The big banks otherwise known as Tier one lenders are to drive dividend pay-outs as they continue to enjoy consistent earnings growth amid a tough and volatile economic environment, according analysts at Stanbic IBTC Holdings.
The dividend pay-out ratio is the ratio of the total amount of dividends paid out to shareholders relative to the net income of the company. The amount that is not paid to shareholders of a company are transferred to reserves and used to finance future expansion plans.
“We estimate 21 percent average growth in dividend per share for our coverage banks in 2017, driven primarily by strong earnings growth,” said analysts at Stanbic IBTC.
The analysts further said, “Within our coverage, we expect the tier 1 banks to continue to dominate in absolute dividend paid and dividend pay-out ratio, driven by a combination of their more robust earnings generation capacity and stronger capital positions.”
Nigerian banks are set to increase their share of the NSE 30 Index’s dividend this year.
Lenders accounted for 64.20 percent of NSE 30 Index’s profit earned in the first nine months of 2017, up from 55.62 percent for all of 2016.
Tajudeen Ibrahim, head of research at Chapel Hill Denham Limited says these trends will continue this year because the big banks have stronger earnings.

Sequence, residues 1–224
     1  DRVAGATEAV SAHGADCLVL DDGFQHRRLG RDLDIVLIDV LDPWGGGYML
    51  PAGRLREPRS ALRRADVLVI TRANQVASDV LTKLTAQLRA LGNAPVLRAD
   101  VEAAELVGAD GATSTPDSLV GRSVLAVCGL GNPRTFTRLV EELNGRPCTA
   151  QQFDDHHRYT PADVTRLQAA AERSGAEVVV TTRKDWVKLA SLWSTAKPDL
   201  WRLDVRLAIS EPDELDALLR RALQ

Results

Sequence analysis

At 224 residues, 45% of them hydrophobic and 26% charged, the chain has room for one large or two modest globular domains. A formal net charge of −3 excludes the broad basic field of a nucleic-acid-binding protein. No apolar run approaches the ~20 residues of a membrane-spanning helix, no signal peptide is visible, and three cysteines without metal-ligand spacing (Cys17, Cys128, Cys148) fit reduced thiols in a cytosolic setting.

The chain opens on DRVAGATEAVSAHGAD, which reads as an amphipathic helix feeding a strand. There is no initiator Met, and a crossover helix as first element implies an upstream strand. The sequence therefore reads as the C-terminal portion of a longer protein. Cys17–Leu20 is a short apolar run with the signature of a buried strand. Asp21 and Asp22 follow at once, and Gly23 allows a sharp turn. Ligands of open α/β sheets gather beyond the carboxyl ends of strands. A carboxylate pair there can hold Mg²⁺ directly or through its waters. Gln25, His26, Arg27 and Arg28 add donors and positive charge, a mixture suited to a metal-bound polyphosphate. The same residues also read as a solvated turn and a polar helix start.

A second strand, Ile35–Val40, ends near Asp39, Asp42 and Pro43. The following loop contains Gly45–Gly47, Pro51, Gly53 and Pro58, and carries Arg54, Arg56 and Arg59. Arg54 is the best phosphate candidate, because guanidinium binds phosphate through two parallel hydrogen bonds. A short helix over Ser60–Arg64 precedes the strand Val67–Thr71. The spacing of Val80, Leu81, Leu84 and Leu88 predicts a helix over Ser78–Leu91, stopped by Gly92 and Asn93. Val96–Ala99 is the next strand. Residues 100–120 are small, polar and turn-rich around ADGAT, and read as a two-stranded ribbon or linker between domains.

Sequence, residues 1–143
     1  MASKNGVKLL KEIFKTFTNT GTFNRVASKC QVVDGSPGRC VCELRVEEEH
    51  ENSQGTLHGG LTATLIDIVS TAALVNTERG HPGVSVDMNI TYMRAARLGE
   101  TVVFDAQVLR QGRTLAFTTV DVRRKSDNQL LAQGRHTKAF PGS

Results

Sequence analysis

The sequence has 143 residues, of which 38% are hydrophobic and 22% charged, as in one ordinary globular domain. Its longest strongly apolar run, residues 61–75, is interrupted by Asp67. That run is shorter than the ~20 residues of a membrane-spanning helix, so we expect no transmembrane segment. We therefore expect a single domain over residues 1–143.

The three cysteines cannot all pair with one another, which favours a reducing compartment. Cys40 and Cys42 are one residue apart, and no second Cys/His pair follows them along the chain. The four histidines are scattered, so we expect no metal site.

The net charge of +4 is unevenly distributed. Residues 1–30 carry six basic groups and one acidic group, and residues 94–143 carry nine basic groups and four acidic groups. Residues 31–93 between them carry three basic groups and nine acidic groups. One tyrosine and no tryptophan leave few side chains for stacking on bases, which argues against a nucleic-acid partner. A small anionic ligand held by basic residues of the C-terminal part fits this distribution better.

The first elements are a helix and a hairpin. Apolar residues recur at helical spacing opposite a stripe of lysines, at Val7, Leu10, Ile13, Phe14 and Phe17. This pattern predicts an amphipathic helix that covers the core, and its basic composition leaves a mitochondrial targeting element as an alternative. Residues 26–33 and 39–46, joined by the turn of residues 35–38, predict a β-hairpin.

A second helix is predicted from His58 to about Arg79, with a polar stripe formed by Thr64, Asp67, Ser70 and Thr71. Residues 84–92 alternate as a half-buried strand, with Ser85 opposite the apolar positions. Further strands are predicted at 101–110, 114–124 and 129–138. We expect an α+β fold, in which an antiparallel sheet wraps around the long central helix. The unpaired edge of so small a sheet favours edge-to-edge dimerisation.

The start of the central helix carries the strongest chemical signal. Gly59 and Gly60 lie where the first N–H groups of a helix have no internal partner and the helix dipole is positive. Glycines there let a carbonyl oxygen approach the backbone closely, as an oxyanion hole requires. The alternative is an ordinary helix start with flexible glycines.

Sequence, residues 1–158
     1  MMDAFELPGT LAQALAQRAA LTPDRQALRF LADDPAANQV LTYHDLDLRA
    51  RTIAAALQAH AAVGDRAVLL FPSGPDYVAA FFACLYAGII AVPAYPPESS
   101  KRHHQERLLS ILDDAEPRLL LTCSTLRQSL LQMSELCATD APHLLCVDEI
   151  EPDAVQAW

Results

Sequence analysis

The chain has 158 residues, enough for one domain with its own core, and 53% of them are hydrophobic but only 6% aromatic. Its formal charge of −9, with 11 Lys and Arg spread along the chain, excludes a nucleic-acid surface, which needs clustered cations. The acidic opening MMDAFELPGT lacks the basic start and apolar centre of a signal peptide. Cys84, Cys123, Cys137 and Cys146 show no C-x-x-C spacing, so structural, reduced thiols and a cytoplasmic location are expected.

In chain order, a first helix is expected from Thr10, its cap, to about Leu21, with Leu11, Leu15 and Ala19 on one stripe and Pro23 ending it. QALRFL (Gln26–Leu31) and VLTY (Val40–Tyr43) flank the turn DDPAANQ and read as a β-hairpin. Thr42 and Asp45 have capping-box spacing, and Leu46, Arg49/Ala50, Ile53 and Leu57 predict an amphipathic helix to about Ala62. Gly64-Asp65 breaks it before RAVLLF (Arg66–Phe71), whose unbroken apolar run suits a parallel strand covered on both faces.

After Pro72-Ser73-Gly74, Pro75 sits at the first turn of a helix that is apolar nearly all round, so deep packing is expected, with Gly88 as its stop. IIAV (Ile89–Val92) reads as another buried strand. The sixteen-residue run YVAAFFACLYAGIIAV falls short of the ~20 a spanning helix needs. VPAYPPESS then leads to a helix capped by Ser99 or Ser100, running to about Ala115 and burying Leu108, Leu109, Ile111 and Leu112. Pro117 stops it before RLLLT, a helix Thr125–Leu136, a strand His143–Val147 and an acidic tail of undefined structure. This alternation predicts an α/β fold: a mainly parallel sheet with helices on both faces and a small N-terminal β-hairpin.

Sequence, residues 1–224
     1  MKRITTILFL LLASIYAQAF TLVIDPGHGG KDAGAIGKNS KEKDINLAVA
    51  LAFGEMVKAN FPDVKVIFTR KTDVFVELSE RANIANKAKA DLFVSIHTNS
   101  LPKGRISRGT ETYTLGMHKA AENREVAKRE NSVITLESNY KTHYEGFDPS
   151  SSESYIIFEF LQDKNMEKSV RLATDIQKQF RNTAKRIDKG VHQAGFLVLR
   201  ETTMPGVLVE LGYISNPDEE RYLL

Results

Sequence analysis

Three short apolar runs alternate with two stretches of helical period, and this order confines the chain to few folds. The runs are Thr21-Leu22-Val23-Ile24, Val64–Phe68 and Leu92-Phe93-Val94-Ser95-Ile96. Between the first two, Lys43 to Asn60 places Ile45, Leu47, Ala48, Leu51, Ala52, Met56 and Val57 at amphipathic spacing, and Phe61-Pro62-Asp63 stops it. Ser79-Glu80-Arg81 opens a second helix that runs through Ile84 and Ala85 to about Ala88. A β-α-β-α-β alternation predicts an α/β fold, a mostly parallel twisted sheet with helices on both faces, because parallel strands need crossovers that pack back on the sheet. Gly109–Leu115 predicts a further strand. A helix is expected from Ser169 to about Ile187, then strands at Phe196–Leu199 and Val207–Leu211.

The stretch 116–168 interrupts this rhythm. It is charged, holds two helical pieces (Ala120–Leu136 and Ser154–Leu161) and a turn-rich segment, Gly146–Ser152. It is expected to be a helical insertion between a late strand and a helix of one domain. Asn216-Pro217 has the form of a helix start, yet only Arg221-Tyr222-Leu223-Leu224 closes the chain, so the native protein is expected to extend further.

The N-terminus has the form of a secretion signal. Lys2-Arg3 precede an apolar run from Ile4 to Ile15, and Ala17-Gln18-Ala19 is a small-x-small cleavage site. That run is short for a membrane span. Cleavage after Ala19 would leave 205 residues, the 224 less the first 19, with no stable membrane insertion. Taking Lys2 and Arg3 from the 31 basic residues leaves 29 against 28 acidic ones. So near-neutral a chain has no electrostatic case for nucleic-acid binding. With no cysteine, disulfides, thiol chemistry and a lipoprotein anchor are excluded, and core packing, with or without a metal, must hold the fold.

Zenith Bank, Guaranty Trust Bank (GTBank), First Bank Nigeria Holdings, Stanbic IBTC Holdings, United Bank for Africa (UBA), and Zenith, paid out N178.83 billion (41.27 percent) of the total dividends of N428.35 billion paid by the NSE-30 members firms to shareholders last year.
However, some companies among the NSE 30 firms may not reward shareholders as they have been recording recurring losses.
The law prohibits a firm from paying dividend from negative retained earnings and even if it makes a profit in a given year, such profit must be used to reduce or offset accumulated losses.
Union Bank, Wema and Union Bank will not reward their owners as they have negative retained earnings of N254.40 billion, N273.64 billion, and N36.14 billion respectively.
Oando Nigeria Plc, an upstream oil and gas giant, will not pay dividend due to an accumulated losses of N254.40 billion as at nine month September 2017.
Analysts at Stanbic IBTC say they estimate dividend yields (DY) of 7.2 percent, 6.7 percent and 5.5 percent for UBA, Zenith and Access respectively.
They added that the DYs are attractive when compared to the MSCI frontier and NGSE 30 index dividend yields of 3 percent and 2.9 percent respectively.
DY is a financial ratio that indicates how much a company pays out in dividends each year relative to its share price.
Banks in Africa’s largest economy have been enjoying a rally since last year as investors continue to buy into their stocks on the back of an economic recovery and the introduction of a new FX regime by the apex bank.